Chewing the Fat

Spring time.  I suppose.  Woke up a couple of days ago and, overnight, the fields have turned from brown to green.  Much to the delight of the lambs and chickens.  Having said that,  here's a picture of yesterday morning..

 We have lats of Cabbages and Cucumbers growing in the green house. Like last year,  the first things up were the Flin Flon onions.  My Aunty Mabel gave me the bulbs which came from her Northern Manitoba garden via Summerland.

Were crazy busy. Right in the middle of the Barn rebuild.

 We are taking a log barn that was in pretty good shape putting in floors, insulated walls and pens to hold the burgeoning animal stock. 

After the clean up and with floor laid
The job started out with a day long dung out.  With some help from the lambs.

Who have heard a rumour their getting new digs out of the place

Of Course Boose the Cat was really in charge.

The large white glow is a lamb picking over the treasures..

The barn was used to store a lot of household stuff that the pack-rats had picked through.  They must have had a party or two:

the floor was a hand hewn log floor but had some gaps between the logs so we decided to put down some plywood I had salvaged last year from a house we tore down.
Swept up and cleaned out this 70 year old hand built barn looks pretty good!
We Replaced the broken and smallish old single pane windows with some double glazed salvaged ones.  There all foamed in and will look great when it warms enough up to paint them. The before and after.
really like the old barnwood trim!
There are two sets of these on the front:
All trimmed up and foamed in place.

And of course one for the pig side of the barn.

The to do list includes an insulated wall inside, paint, lights and outlets and water. Stalls for a boar, pigs, farrowing a couple for sheep.  A chicken pen.  What's nice will be having the bedding and hay in the loft and just being able to drop it down.  A bit of work to go. Also thinking of putting in a side door so that the 1100 pound feed bags can slip right in.

Picked up another four weaner pigs for a total of eight.

When I said you need a bath I meant...
 With our sow and Boar its getting a bit much for the old blue shed.  We want to start keeping breeding stock as weaners are going for 85$.   Besides were trying to transition to pastured pork.  We also have a hundred meat chickens coming and 20 Turkeys.  The plan so far is to tractor the Chickens and pen the Turkeys.  We have 19, rather large roosters strutting around the place and they are getting pretty nervous.. Maybe they caught a glimpse of the chicken plucker resting in the shop.  The roosters didn't seem to care when I stopped and sharpened an axe .

The Great White Pyrenees pups are growing fat and sassy, were trying to train them to not chase the roosters and it seems to be working. Or their just tiring them selves out...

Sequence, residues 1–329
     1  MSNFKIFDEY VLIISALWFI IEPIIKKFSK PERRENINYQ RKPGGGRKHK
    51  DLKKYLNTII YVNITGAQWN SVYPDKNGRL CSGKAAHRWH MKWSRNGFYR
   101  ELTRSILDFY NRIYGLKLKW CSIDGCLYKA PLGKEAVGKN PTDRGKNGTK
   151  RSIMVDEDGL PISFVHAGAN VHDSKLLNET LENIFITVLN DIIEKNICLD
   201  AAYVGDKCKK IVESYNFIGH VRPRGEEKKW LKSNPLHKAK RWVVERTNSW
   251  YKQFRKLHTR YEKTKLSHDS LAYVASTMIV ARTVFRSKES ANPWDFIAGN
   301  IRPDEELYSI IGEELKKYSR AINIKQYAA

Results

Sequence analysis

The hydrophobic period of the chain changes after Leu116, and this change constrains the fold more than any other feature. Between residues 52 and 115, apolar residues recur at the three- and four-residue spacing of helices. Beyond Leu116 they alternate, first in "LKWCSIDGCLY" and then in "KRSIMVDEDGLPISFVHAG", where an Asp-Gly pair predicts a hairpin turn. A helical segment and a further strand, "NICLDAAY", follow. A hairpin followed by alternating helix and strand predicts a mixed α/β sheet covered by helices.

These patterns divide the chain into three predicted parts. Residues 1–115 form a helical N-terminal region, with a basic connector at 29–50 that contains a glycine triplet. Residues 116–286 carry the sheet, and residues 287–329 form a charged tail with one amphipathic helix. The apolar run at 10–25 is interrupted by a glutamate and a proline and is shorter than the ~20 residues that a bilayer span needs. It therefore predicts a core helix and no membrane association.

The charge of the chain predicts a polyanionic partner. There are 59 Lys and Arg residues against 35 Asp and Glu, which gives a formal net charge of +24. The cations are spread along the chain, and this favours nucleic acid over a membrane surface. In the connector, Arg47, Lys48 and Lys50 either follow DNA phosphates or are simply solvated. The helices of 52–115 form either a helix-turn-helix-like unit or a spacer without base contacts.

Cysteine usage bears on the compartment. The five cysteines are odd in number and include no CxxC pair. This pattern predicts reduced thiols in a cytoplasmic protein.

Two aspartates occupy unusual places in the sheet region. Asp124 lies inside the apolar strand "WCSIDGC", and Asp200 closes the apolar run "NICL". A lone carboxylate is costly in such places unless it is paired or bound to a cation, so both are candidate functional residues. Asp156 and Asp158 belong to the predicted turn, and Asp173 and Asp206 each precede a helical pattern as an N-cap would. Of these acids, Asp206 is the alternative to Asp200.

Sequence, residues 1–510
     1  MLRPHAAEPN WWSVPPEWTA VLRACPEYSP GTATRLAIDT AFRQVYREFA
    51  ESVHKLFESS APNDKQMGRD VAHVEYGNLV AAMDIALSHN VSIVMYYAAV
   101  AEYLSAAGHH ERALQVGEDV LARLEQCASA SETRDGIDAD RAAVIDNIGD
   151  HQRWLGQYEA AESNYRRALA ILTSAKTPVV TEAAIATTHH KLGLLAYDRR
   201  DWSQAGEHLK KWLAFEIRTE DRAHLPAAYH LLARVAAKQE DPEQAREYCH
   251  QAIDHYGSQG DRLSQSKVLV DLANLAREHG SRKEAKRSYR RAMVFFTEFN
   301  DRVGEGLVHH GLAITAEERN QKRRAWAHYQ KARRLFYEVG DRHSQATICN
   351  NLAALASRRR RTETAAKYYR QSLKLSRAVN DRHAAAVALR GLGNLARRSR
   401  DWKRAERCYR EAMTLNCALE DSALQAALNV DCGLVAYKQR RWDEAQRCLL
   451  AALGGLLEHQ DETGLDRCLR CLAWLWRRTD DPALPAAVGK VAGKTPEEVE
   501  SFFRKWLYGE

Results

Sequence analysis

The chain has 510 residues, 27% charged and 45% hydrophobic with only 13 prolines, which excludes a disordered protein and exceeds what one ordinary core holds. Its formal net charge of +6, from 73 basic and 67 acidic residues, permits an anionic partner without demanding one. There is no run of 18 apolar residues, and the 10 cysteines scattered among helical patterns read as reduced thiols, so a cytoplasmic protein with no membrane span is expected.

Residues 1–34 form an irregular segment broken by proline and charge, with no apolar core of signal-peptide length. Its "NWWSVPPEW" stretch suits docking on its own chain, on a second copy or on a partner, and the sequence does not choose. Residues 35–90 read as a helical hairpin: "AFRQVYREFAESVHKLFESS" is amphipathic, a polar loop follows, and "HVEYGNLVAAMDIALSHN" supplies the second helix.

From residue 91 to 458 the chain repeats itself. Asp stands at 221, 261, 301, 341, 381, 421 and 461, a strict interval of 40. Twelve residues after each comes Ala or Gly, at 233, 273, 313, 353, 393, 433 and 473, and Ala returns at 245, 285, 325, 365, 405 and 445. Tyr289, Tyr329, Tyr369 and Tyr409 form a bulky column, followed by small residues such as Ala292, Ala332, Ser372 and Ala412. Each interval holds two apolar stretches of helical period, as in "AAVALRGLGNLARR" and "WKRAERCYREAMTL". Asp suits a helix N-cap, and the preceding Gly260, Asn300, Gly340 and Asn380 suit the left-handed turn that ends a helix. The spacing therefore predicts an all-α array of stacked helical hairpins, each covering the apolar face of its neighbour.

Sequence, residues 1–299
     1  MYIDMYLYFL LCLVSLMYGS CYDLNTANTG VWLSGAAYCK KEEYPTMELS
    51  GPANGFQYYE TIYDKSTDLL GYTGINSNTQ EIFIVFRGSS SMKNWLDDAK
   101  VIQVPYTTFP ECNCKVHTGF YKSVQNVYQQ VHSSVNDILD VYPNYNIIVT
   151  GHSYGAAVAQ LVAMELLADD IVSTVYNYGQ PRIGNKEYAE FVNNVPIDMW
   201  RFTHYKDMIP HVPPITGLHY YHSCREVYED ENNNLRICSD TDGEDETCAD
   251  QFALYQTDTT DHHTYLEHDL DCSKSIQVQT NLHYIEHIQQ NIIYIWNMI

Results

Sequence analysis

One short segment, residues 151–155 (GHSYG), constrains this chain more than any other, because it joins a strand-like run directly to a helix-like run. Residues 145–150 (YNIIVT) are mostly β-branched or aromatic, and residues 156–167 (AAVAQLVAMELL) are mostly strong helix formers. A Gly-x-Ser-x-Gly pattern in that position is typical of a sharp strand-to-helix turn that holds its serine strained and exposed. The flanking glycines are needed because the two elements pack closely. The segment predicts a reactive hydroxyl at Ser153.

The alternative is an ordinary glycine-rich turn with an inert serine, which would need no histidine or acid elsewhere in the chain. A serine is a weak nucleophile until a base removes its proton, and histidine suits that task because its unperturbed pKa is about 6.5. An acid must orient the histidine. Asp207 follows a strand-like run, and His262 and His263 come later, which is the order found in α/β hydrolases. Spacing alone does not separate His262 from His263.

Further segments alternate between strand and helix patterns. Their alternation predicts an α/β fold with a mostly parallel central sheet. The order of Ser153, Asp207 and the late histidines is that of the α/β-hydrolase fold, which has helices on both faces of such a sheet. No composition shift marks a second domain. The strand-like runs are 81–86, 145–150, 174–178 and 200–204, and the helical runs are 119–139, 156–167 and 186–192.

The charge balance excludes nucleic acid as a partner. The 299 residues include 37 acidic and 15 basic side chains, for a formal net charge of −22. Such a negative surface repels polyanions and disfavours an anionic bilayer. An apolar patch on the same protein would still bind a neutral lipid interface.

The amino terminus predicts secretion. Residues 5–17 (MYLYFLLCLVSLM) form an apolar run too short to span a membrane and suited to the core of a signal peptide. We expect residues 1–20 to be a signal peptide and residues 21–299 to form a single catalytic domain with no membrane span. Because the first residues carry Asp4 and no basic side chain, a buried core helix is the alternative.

Their Mom, Snow, is gaining some weight on her and seeming to be coming out of her shell.  A great guardian dog. She's always on the look out.  Her and Xena seem to be a great team.  If they had access to ground to air missiles they would be devastating to the local birds.  and even high flying jets.

Attended a government sponsored course on the licensing required to legally slaughter on our farm for sale to others.  Some common sense cleanliness issues.  And then the legal requirements.  Approved labels, can only sale in our own regional district, can only sale 10,000 animal units.  Basically that's 10,000 lbs. The record keeping is quite onerous.  Basically I have to keep track of who and when ( with contact numbers) of every person I sale to.  This license doesn't allow me to cut and wrap. That's a separate deal.  So what it amounts to is I save the slaughter costs.  Not a heck of a lot. 40$ for a pig.   Can't wait to ask the butcher at the local Safeway if he needs my name and number in case there is a recall.  More about this on another post.

After a rest over winter the old skid steer fired up and managed to put a days work in before requiring a battery charge.
Scored a great book from a friend.  Its from the mid 1800's and wouldn't you know it gates still work pretty much the same way. Some of the language is dated of course.  Had to look up Scantlings.  But it was all stuff you were expected to make your self. Right up my income alley..

We also took some time out to help a neighbor with his washed out driveway.  The results of a frozen culvert and heavy spring snow melt.

All this fun just leads to an inevitable conclusion:

Hope you get some rest this week also.


Denise E said…
What a great job you guys are doing on the barn. Lots of extra room for the livestock. Fantastic project progress.
Art Blomquist said…
Denise, I don't know about the "extra"room - The animals just seem to keep multiplying. I think it's the water...
Oh Art, that barn is amazing, those beams, those posts...but is it leaning or are you? Couldn't tell from the photo. So happy seeing you getting into the bacon business but don't you hate the government having to get their nose in the middle all the time!
Art Blomquist said…
Donna, The Barn is vertical, it's me who is on a lean! Imagine the work that went into hand building a barn like this! Don't know if I would be up to it!

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